The Lowdown on Lectins - What You Need to Know

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'Lectin-Free' has become the new 'Gluten-free', but with less science and less associated facts.

Lectins are a type of protein that can bind to carbohydrates or sugars. This feature helps them to defend themselves in nature and causes them to resist digestion in the gut. They are found in all plants, but raw legumes (beans, lentils, peas, soybeans, peanuts) and whole grains like wheat contain the highest amounts of lectins.

Cooking, especially with wet high-heat methods like boiling or stewing, or soaking in water for several hours, can inactivate most lectins.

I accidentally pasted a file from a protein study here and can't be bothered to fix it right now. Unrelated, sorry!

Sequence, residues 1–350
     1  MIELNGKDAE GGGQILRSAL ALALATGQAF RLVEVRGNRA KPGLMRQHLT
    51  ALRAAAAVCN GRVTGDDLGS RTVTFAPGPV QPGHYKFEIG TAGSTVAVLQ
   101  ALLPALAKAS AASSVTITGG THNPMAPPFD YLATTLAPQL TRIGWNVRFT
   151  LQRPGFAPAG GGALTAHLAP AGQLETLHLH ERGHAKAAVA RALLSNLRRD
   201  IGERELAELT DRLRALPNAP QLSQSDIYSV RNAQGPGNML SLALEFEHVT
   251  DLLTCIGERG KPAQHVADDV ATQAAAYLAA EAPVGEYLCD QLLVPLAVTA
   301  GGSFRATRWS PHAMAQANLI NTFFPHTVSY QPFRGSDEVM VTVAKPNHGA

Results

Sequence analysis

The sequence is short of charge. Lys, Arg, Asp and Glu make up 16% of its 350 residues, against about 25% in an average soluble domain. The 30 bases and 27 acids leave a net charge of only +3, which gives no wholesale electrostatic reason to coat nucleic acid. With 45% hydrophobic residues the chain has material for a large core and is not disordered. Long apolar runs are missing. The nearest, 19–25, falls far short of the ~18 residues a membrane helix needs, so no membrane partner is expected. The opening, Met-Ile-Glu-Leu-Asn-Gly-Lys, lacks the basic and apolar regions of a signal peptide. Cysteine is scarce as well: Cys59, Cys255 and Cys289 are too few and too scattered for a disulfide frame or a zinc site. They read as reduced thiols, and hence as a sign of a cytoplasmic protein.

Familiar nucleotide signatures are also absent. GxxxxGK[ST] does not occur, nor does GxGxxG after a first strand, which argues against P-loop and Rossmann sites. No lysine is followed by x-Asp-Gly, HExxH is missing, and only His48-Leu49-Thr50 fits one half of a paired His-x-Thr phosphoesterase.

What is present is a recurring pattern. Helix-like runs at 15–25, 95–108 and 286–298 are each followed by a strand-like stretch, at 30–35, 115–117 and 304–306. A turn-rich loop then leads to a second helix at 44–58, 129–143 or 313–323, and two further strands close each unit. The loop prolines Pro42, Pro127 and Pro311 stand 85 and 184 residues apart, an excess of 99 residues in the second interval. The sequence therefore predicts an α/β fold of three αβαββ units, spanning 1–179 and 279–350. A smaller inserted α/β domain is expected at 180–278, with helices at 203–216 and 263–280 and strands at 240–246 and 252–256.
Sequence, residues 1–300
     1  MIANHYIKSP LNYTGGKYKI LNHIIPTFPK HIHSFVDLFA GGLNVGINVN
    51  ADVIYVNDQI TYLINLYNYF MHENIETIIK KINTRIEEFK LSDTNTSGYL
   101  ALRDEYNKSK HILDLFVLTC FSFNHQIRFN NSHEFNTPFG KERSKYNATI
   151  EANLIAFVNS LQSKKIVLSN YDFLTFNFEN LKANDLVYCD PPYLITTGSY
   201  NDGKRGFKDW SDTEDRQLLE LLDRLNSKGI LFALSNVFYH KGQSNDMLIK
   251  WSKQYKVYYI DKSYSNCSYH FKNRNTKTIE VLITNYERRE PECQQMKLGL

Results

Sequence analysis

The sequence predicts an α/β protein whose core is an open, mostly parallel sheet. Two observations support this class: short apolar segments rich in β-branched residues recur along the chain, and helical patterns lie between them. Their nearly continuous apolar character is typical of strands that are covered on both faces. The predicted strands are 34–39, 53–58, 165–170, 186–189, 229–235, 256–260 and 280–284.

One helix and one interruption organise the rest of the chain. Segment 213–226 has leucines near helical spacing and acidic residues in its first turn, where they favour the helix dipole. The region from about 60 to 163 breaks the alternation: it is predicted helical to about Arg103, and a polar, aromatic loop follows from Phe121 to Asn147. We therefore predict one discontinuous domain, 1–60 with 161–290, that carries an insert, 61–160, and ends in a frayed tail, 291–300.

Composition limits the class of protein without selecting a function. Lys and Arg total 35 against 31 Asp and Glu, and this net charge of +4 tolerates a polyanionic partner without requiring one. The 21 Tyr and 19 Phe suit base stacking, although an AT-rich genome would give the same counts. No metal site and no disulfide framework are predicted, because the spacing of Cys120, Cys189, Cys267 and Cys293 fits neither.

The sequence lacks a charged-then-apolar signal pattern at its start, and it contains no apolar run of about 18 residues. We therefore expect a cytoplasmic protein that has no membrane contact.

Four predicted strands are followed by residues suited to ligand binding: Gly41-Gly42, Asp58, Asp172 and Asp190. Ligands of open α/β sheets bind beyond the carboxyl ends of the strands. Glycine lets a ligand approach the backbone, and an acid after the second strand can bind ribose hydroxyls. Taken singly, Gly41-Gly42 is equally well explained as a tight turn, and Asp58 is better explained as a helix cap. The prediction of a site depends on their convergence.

Fad diets cite lectins as a major cause for obesity, chronic inflammation, and autoimmune diseases, but there is limited research in humans.


Lectins can act as an antioxidant, which protects cells from damage caused by free radicals. They also slow down digestion and the absorption of carbohydrates, which may prevent sharp rises in blood sugar and high insulin levels.

Early research is also looking at the use of non-toxic low amounts of certain lectins in anticancer treatments due to the ability of lectins to cause cancer cell death.

Lectin-containing foods like legumes, whole grains, and nuts are associated with lower rates of cardiovascular disease, weight loss, and type 2 diabetes. These foods are rich sources of B vitamins, protein, fibre, and minerals, and healthy fats.


The health benefits of eating these foods far outweigh the potential harm of lectins in these foods.


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